Fall & Sleep: Navigating the seasonal shift

As the leaves change and temperatures drop, the arrival of fall brings more than just beautiful landscapes. It can also impact our sleep patterns. Understanding these changes and how to adapt can help you continue to get quality rest during this transitional season.

Impact of Fall on Sleep:

The jury is still out on the exact impacts of seasonal change on sleep – but many of us feel it none the less. Here are a few points keep coming to the surface:

1) Daylight Changes: With shorter days and longer nights, our exposure to natural light diminishes. This can disrupt our circadian rhythm, making it harder to fall asleep and wake up.

2) Temperature Fluctuations: Are you like me right now? In one day I can be swapping between heat on or off and windows open or closed. As the temperatures continue to drop deeper into the fall – the cooler nights might lead you to adjust your thermostat up even more.  Just remember an overly warm room can disrupt sleep. Go for the cooler, comfortable temperatures for better rest.

3) Allergies: Fall allergies from mold and pollen can trigger sneezing and congestion, making it difficult to breathe comfortably while sleeping.

4) Time Change: The end of daylight saving time can throw off your internal clock.  When that happens this year – look to adjust gradually by going to bed and waking up 15 minutes earlier each day.

Here are 5 more Tips for Quality Sleep During Fall:

1) Regulate Light Exposure: Seek natural light during the day to support your circadian rhythm. Dim the lights as evening approaches to signal to your body that it’s time to wind down.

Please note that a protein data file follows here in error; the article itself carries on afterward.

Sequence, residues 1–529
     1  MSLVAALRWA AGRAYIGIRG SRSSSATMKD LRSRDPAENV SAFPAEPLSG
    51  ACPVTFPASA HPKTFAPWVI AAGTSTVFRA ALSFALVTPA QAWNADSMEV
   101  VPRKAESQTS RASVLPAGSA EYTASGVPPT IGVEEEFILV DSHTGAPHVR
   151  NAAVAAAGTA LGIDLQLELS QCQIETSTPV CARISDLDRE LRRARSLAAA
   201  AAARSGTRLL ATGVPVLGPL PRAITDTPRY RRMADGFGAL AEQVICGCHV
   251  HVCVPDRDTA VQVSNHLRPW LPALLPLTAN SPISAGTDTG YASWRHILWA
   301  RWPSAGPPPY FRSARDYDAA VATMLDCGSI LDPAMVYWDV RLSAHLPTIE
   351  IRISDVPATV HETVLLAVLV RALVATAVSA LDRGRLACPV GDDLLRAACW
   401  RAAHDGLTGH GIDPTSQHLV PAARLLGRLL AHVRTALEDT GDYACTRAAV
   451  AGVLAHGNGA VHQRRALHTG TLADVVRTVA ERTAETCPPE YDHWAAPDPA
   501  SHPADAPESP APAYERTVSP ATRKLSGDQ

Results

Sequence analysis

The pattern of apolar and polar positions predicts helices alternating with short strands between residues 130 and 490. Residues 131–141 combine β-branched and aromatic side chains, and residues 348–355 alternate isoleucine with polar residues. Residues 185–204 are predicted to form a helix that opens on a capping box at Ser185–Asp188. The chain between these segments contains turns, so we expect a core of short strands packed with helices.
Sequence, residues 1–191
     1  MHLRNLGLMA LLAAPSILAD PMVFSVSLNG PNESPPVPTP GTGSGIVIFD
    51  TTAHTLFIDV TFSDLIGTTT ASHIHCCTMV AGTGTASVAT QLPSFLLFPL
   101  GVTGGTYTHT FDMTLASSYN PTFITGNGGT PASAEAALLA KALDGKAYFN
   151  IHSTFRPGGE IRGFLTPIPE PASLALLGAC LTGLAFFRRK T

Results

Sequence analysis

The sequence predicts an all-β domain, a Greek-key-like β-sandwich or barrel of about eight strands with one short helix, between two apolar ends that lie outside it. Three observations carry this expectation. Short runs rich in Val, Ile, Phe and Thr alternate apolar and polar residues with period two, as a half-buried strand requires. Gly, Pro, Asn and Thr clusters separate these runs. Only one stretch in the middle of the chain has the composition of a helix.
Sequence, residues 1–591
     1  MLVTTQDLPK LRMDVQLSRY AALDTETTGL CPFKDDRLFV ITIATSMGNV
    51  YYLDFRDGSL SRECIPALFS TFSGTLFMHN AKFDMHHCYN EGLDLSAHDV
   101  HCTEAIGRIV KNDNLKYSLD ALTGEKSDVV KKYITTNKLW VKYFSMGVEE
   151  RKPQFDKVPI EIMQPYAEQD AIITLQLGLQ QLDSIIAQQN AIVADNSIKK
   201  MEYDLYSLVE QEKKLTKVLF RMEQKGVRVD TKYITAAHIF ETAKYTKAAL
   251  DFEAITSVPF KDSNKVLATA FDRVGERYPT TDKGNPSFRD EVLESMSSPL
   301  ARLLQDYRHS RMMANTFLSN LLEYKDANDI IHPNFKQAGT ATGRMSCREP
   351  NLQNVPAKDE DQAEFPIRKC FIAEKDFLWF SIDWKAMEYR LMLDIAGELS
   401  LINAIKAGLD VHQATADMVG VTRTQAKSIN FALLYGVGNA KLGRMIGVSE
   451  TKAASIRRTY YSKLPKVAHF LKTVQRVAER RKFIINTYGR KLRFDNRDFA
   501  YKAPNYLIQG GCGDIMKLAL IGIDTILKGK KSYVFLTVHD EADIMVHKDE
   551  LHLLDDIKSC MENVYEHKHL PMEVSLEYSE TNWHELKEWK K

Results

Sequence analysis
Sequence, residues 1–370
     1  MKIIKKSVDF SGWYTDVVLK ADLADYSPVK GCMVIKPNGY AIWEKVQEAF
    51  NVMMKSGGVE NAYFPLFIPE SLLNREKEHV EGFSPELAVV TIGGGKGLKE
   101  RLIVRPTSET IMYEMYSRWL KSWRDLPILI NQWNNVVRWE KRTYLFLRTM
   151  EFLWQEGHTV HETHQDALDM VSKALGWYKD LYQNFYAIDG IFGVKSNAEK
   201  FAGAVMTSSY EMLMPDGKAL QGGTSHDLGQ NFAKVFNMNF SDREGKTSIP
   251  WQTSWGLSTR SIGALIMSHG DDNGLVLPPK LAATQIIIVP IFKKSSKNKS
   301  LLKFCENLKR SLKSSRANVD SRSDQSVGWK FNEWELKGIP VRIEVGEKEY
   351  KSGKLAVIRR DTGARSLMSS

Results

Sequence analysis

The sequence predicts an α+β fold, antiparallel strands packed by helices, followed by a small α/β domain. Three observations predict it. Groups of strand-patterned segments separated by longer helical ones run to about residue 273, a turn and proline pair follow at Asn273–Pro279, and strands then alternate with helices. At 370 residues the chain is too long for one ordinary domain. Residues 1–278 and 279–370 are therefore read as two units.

2) Temperature Control: Maintain a cool but comfortable sleep environment. Consider using breathable, moisture-wicking sheets and blankets. Perhaps even have a cozy blanket close by you can toss on if you want.

3) Allergy Management: If allergies are a concern, use air purifiers, wash bedding frequently, and consider using a HEPA filter in your bedroom to reduce allergens.

4) Routine Matters: Stick to a consistent sleep schedule, even on weekends. (For me this is a hard one!) This helps your body establish a predictable sleep pattern.

5) Limit Screen Time: The blue light emitted by screens can interfere with sleep. Turn off screens at least an hour before bedtime and engage in some calming activities instead.

By understanding the unique challenges fall can bring to your sleep, you can proactively adjust your habits and environment to ensure restorative rest during this season of change. Happy Sleeping! 💤🍂 #FallSleepTips #QualityRest

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Shawna Cook

Shawna is a Certified Clinical Exercise Physiologist through the American College of Sports Medicine, who has been working in Cardiac Rehabilitation for over 10 years. Her years in the health and fitness field however have spanned over the past 2+ decades. As an elite level athlete she fell in love with understanding the human body, and how the choices she made, affected how it performed. This led to a degree from the University of Winnipeg in the stream of Athletic Therapy, and the passion towards helping others recover from injury and "be their best selves" grew.